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GE Plant Struggles with Local Workforce

The plant initially planned to have 200 employees by 2018, but has faced challenges finding qualified workers.

Aviation Plane Pixabay

LAFAYETTE, Ind. (AP) — Production is slowly growing at GE Aviation's jet engine factory in western Indiana, though much of the $110 million plant is quiet two years after it opened.

The Lafayette plant has 87 employees and produces about six engines a week for passenger airliners, the Indianapolis Business Journal reported .

The plant produces the Leading Edge Aviation Propulsion engine, which has a backlog of more than 14,000 orders. The new engine for single-aisle commercial aircraft is designed to be more fuel-efficient.

The company initially planned to have 200 workers by 2018, but it now aims to have 230 workers by 2019 and produce five engines a day by 2020. Company officials said the plant faces hurdles in finding qualified workers.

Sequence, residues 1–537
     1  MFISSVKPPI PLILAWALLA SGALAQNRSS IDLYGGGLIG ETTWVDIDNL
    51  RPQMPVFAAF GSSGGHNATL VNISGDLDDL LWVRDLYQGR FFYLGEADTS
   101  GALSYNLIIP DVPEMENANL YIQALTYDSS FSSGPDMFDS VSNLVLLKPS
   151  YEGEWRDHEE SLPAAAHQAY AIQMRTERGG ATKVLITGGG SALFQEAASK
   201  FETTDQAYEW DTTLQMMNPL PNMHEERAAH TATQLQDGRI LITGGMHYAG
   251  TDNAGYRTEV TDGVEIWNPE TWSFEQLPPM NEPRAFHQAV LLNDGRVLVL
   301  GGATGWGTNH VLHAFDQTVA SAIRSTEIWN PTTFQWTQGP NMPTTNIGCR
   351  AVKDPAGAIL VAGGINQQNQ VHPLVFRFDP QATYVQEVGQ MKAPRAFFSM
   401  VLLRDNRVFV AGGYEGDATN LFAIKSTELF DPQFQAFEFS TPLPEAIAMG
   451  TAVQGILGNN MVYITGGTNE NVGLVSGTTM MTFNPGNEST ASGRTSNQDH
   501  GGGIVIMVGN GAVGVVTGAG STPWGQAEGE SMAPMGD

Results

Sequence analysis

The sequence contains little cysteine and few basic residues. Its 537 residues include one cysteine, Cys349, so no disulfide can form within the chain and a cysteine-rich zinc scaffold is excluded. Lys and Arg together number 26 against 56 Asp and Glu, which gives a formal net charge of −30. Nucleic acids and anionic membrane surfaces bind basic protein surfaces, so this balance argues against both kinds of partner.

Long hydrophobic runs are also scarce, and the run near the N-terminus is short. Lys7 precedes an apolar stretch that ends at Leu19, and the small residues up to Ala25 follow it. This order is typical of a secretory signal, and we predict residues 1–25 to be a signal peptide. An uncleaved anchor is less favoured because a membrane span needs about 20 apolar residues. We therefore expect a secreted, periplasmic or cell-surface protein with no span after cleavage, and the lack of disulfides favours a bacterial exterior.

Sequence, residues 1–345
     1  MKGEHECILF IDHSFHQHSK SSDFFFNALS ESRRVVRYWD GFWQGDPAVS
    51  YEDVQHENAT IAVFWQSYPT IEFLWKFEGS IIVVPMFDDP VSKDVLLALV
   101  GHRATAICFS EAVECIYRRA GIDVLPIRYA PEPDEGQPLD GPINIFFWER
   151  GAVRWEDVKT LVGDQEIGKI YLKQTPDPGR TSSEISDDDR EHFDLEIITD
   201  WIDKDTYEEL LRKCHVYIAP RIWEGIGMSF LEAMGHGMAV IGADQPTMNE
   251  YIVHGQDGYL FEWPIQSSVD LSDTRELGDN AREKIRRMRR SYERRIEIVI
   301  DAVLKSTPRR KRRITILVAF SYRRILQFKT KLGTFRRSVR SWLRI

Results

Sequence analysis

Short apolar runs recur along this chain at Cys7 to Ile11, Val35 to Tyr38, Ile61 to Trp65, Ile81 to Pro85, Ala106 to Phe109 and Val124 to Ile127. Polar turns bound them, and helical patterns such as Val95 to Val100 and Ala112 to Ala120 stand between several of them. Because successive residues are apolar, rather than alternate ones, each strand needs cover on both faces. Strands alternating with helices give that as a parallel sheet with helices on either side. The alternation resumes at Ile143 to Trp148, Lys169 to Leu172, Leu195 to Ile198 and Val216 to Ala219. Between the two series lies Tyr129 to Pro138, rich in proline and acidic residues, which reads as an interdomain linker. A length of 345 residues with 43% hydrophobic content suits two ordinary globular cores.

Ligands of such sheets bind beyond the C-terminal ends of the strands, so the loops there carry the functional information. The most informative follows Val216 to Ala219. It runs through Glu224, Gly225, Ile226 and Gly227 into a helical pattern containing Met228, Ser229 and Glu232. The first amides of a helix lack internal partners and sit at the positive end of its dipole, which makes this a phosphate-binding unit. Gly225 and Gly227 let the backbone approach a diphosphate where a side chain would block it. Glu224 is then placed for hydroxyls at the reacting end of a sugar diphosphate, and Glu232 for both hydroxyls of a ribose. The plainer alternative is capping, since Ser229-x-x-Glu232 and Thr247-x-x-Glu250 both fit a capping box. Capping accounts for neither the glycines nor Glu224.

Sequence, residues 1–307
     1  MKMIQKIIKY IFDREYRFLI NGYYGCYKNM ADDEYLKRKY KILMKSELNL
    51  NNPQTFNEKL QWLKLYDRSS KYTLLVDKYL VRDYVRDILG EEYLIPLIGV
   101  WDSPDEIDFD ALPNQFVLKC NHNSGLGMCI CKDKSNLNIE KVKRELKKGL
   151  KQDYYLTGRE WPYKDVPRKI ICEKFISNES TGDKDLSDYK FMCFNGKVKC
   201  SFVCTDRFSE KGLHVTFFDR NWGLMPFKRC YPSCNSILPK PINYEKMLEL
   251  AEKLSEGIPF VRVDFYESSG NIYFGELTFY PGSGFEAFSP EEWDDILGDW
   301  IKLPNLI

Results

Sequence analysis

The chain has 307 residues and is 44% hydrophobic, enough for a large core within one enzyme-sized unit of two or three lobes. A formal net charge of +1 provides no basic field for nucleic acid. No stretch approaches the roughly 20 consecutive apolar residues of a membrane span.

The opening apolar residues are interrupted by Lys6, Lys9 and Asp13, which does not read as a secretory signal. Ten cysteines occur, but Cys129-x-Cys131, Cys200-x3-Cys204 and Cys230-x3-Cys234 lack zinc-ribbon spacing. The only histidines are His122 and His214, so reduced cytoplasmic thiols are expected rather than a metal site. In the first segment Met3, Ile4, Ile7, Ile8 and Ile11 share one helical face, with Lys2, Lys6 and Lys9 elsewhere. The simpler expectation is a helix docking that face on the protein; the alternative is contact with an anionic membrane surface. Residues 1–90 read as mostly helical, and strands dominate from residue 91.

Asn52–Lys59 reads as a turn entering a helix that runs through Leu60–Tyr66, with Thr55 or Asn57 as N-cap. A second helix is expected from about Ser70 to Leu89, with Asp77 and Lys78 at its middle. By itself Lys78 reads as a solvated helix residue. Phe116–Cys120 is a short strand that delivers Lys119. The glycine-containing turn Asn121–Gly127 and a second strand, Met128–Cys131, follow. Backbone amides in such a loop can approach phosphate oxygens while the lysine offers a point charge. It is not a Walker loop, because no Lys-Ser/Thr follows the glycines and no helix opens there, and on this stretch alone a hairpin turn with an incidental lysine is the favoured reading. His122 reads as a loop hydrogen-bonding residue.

Most employees are aircraft mechanics credentialed by the Federal Aviation Administration. Credentialing can take about two years of schooling or equivalent military experience, said Lafayette site leader Eric Matteson.

The company has gone to local schools — such as Purdue University, Ivy Tech Community College and Vincennes University — for new hires. It also is now recruiting at other schools and military bases.

"Our first few waves of technicians came straight from the local market, but after that we needed to start branching out," Matteson said.

The plant likely won't expand larger than 400 employees, Matteson said.

"The days of the big campuses, at least for General Electric, are gone," he said.

Matteson said the plant currently focuses on engine assembly but will shift to providing more maintenance and repair services in 2020, in order to keep the facility relevant in the decades to come.

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